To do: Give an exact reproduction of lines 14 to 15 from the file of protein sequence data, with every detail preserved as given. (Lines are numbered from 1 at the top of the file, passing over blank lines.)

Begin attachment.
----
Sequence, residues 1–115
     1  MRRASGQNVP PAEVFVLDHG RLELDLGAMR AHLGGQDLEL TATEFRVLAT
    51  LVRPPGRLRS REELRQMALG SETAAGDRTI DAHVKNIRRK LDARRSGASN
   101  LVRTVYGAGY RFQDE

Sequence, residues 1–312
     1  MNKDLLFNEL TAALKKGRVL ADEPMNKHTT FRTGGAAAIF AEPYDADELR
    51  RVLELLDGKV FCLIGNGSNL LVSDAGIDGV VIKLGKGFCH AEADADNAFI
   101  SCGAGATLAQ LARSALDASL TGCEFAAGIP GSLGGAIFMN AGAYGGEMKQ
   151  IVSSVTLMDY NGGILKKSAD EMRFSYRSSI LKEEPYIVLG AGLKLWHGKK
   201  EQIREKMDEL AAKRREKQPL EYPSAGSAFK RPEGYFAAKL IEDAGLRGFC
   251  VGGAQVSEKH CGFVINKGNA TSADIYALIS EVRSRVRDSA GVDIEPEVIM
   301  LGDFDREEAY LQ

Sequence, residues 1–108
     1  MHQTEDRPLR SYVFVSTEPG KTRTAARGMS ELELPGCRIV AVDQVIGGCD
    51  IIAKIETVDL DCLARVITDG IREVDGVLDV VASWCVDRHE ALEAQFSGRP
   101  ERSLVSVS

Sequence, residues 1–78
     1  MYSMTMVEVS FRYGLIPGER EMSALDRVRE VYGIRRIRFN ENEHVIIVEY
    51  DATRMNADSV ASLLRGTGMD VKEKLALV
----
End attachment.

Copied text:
     1  MHQTEDRPLR SYVFVSTEPG KTRTAARGMS ELELPGCRIV AVDQVIGGCD
    51  IIAKIETVDL DCLARVITDG IREVDGVLDV VASWCVDRHE ALEAQFSGRP